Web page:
The Value of Discomfort

This year has seen a lot of first-time novelists being published, prompting some of the Book Riot team to label 2015 the year of the debut. But frankly, based on the little segment of the bookternet I follow, it’s the year of the uncomfortable book.

Uncomfortable books are not bad books. They are well-written, compelling books that focus on difficult, important topics. This year alone, I’ve read (or am reading):

These books have been heartbreaking and difficult. They cover topics that have been discussed in the public eye, but paired with a literary, mainstream transparency we’re seeing again in 2015.   There is incredible value in the narratives that challenge the status quo. Books like Rachel Carson’s Silent Spring and Betty Friedan’s The Feminist Mystique helped spark the modern environmental and feminists movements, respectively.  I do not find them to be the sole cause or most critical factor – this isn’t about connecting discomfort to the big books myth. Uncomfortable books matter not because they can be big books involved in big movements. It’s the more intimate relationship between the book and the reader that carries worth.

Current events play out in full-color streaming media. There are hashtags, there are protests, and there are national news stories dissecting issues of access and power among marginalized, disenfranchised populations. We see racial, gender, and class inequality in Twitter fights and behind police tape. There are plenty of reasons to become an activist, plenty of ways to stand and lend your voice to a cause of your choosing – whether it’s featured on a #blacklivesmatter Buzzfeed listicle or a #coplivesmatter one.

I have written before about my own privilege and why diverse books matter. But part of my struggle – and one that perhaps other white, upper middle plus-class feminists share – is knowing when to STFU.

Seriously.

You can’t talk back to a book. You can’t argue with it. You can’t engage in dialog with it. You can do all of those things with people, hopefully after you’ve read the book or informed yourself on the topic of conversation. And sure, you might choose to “change the channel”: close the book, put it aside, never finish it, ignoring whatever message it had to offer.

Uncomfortable books give us space to explore the perspectives of others. They offer this without judgment, confronting us with realities of others. They may provide a spark for activism, for charitable giving, a shift in perception, or perhaps a stronger reinforcement of our own ideas and values (Lord, whenever I read an abstinence-only sex ed book). And if we are receptive, we have no option but to listen first.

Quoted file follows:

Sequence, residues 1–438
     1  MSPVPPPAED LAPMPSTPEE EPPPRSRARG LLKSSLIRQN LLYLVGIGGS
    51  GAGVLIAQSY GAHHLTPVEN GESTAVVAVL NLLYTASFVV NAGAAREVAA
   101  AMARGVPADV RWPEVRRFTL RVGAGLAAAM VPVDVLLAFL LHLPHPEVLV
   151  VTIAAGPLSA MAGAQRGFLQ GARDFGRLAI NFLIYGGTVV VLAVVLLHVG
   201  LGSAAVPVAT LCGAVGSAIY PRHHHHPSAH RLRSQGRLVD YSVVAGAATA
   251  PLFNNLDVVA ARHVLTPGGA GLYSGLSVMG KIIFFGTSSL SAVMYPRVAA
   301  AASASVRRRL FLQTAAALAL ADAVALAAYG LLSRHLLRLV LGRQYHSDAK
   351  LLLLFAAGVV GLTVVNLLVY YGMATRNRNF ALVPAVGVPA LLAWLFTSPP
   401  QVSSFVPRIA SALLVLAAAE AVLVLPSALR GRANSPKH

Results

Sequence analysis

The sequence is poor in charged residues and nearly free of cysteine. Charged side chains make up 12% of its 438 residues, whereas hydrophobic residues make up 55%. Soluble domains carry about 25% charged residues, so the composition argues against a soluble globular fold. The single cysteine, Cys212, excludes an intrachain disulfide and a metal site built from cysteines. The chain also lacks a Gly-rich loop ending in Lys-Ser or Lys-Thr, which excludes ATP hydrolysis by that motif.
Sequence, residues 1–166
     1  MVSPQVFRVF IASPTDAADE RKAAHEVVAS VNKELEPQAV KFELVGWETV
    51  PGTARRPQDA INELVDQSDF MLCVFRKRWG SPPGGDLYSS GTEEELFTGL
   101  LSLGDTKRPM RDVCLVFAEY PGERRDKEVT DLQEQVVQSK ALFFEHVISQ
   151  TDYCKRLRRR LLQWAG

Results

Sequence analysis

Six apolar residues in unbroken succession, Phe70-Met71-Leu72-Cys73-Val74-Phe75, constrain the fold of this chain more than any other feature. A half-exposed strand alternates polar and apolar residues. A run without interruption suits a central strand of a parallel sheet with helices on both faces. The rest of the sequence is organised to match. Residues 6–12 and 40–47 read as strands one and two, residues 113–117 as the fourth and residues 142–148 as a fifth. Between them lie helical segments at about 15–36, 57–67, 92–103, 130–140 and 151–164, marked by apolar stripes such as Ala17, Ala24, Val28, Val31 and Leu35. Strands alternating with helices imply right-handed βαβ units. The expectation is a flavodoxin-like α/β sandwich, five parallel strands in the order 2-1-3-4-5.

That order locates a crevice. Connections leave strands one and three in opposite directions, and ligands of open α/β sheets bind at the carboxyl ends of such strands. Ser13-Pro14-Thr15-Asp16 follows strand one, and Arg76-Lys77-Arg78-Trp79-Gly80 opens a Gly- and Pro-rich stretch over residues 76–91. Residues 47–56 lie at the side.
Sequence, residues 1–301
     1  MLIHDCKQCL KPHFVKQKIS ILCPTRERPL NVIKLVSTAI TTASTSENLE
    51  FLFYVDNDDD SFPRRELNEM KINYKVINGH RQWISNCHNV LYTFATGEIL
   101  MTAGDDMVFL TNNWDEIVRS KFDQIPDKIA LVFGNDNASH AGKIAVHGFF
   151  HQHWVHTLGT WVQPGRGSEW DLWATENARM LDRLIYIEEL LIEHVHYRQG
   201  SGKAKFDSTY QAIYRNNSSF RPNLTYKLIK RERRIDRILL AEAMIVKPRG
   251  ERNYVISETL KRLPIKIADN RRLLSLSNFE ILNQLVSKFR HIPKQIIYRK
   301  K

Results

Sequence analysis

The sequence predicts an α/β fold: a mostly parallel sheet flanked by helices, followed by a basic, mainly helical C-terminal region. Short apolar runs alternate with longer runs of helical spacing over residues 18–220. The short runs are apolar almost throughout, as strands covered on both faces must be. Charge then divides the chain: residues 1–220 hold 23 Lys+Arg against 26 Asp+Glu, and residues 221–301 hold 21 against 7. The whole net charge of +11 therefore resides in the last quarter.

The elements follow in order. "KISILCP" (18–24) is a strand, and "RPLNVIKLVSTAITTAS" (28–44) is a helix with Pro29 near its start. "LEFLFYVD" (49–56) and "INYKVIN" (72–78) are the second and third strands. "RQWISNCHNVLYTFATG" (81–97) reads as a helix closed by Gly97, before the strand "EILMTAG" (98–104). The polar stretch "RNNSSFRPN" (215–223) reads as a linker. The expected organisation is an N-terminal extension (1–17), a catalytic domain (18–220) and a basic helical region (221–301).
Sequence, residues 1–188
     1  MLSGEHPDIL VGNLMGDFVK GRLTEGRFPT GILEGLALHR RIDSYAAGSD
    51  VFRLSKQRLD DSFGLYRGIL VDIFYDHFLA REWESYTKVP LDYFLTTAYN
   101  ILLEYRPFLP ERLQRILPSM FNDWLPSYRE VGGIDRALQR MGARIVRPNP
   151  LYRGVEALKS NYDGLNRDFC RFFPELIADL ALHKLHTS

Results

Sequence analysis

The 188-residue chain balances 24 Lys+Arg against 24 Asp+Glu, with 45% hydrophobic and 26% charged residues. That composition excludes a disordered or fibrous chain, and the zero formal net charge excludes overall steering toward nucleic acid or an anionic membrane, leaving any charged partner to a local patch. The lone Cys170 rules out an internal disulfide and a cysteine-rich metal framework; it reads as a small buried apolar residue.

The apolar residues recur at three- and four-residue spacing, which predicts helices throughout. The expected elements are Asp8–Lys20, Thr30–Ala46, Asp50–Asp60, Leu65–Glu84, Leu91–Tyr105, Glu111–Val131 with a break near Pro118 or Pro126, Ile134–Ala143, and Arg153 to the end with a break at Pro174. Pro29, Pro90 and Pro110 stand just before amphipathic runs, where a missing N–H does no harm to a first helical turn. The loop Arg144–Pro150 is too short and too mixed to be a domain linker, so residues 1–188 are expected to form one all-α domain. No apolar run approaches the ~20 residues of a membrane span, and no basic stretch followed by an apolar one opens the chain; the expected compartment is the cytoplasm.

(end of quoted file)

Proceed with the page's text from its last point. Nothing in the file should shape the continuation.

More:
Thanks for reading! Why do you think discomfort is valuable when we read?

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So You Want to Stop “Distancing the Other”: Recommended Reading

I’ve written before about the importance of diversity in literature (I, II, III), but I never offered any recommendations from my own reads. With the news lately (including events last week in my current locale), I think it is important to resume those conversations. I’ve put together a list of book recommendations meant to encourage conversation about politics of identity, stereotyping, and what I’ve called “distancing the other” in the past.

Some of the suggestions will be familiar, but I’m hoping there may be some new titles. If you have recommendations of your own, please leave them in the comments!

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Obligatory: How to Support the Ferguson Library

When I first conceptualized this list, I had two definite novels in mind. The very obvious (IMHO) choice, To Kill a Mockingbird.

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“Atticus–” said Jem bleakly.
He turned in the doorway. “What, son?”
“How could they do it, how could they?”
“I don’t know, but they did it. They’ve done it before and they did it tonight and they’ll do it again and when they do it — seems that only children weep.”

The other book was The Dry Grass of August. I tend to see this on lists like “You read The Help, now what?”

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Spoilers: Set in the 1950s, a culminating event of the book involves the tragic death of the protagonist’s family’s black maid. There’s little hope of real justice. Later, a white boy dies from a faulty repair and the tragedy spurs the white community (and the protagonist’s family) into action.

Relevant.

I also thought of my favorite Grisham novel, A Time to Kill. If you’ve only seen the film, you’re doing yourself a disservice. This is Grisham at his best.

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When I was going through my Goodreads list, I stumbled upon a few books that I thought would be good additions.